Coming into the offseason, the No. 1 objective for the Eagles' front office was to surround quarterback Carson Wentz with more weapons. The Eagles got off to a phenomenal start of doing just that as free agency opened on Tuesday with the additions of wide receivers Alshon Jeffery and Torrey Smith. Both players bring elements to the Eagles' offense that were sorely needed on the outside - a consistent jump-ball threat and a burner with vertical ability. Let's take a look at the impact the two wideouts can have on Wentz and the Eagles this fall.
Shot 1 - Jeffery is certainly someone that's always open, even when he's not. One of the best 'go up and get it' WRs in the NFL #Eagles pic.twitter.com/CTLmoIsv0r — Fran Duffy (@fduffy3) March 9, 2017
I have to start with Jeffery, who was considered by most analysts to be the top receiver available on the free agent market. Coming to the Eagles with a résumé that includes 13 100-yard receiving games in his career, the Pro Bowl wideout is one of the best in the league when it comes to going up and attacking the football in the air.
I made the assertion in the tweet above that Jeffery is always open, even when he isn't. He has the ability to go up and win in those contested situations as one of the most reliable jump-ball receivers in the league.
Shot 2 - Then you have Torrey Smith, who brings the vertical speed the #Eagles need. Does a great job w/ vertical stem to separate for TDs pic.twitter.com/mtzXQGir8c — Fran Duffy (@fduffy3) March 9, 2017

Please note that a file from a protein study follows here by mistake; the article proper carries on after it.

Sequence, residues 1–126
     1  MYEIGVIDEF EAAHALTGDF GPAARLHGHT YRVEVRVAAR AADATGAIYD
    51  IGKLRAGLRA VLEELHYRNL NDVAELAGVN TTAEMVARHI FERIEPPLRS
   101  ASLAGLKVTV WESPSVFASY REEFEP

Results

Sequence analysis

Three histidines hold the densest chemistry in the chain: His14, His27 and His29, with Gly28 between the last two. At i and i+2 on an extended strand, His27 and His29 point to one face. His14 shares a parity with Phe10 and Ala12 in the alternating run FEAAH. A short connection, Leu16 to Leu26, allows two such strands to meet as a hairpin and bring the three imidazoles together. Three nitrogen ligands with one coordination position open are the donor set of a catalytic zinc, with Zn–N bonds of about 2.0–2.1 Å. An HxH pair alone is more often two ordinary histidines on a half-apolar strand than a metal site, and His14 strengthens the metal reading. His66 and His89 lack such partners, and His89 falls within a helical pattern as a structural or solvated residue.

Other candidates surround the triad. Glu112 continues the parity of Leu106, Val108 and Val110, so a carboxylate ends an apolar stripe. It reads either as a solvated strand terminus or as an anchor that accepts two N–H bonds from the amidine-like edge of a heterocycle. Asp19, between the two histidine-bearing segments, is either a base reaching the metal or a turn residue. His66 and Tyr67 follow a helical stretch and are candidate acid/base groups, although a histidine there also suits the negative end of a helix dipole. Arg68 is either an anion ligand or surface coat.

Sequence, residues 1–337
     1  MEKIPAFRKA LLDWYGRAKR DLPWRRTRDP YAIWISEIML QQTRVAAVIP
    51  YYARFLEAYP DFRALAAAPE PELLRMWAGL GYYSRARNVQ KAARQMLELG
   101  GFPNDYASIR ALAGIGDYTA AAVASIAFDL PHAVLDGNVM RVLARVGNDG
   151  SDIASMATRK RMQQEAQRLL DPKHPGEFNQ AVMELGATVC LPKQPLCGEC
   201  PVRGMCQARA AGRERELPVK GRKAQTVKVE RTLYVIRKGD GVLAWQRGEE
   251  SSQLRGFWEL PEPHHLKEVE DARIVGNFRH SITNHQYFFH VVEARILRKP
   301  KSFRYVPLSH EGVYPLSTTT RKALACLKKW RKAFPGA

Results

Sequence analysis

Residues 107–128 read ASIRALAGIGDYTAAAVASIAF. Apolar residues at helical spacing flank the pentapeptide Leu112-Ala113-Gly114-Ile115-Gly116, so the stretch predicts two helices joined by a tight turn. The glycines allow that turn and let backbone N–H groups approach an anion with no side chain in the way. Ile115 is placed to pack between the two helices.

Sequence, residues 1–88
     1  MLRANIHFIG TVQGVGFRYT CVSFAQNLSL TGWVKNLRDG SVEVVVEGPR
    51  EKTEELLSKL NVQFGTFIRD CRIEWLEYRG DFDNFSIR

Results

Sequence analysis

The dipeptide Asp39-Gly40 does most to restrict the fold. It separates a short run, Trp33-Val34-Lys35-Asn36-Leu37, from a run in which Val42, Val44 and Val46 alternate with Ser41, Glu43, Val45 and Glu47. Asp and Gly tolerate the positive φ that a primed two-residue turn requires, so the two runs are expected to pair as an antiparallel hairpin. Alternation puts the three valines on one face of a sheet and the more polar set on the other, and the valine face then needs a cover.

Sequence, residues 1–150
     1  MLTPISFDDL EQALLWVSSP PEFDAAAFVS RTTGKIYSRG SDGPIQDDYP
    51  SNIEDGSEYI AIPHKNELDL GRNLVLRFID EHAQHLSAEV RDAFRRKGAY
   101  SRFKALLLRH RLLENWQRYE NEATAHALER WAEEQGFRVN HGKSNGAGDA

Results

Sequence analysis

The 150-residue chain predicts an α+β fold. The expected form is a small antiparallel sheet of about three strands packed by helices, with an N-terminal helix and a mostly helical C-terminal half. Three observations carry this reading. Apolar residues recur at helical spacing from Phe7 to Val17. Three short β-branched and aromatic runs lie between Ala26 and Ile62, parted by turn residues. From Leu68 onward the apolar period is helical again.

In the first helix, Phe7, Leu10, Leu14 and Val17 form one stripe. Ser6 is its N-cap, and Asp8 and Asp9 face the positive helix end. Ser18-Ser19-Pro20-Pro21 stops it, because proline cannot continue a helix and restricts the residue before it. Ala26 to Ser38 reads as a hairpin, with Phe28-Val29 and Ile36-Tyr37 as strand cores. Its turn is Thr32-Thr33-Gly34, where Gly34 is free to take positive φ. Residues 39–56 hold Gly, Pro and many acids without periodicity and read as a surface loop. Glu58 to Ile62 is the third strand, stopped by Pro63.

Jeffery wins in what some analysts and evaluators refer to as the "big man's" game as a receiver, while Smith on the other hand typically wins in the "small man's" game, gaining separation with his feet rather than with his length. Smith has been one of the best deep-ball receivers in the NFL during his career, not only because of his speed but also because of his route running. The veteran does a great job at the top of his route of attacking the cornerback on both of those touchdown catches above, forcing him to break down out of his technique. Smith gains the separation he needs downfield for a pair of big-play touchdowns.
Shot 3 - Studying both WRs I couldn't help but notice how good they were at using their bodies. Very similar looking plays here down the SL pic.twitter.com/GE3D9R6xBT — Fran Duffy (@fduffy3) March 9, 2017
As I continued studying these two receivers, it became apparent that both were very adept at using their bodies to their advantage, despite the fact that they're built very differently. Down the sideline, both players do a great job of giving the quarterback room on the outside to drop the football in over the shoulder, a technique that's called "holding the red line." The imaginary "red line" between the numbers and the sideline is where the receiver should be running along on these vertical routes. It requires both strength and discipline as well as ball skills to be able to hold the line downfield, run through contact at times, and then reel the pass in over the shoulder for the completion. Jeffery and Smith do just that in the plays above.
One of the other big themes after studying both players was their versatility. In every part of the field, Smith and Jeffery were used by their previous coaching staffs both outside and in the slot, and they were productive inside.
Shot 4 - Both WRs also have plenty of experience in the slot, giving the coaches positional versatility. Smith's speed inside is lethal pic.twitter.com/V8lTqJ1nZN — Fran Duffy (@fduffy3) March 9, 2017
Shot 5 - Jeffery, meanwhile, was a really tough matchup in the slot due to his size. Tough to stop on wheel routes with room to run #Eagles pic.twitter.com/psQg2qdpC5 — Fran Duffy (@fduffy3) March 9, 2017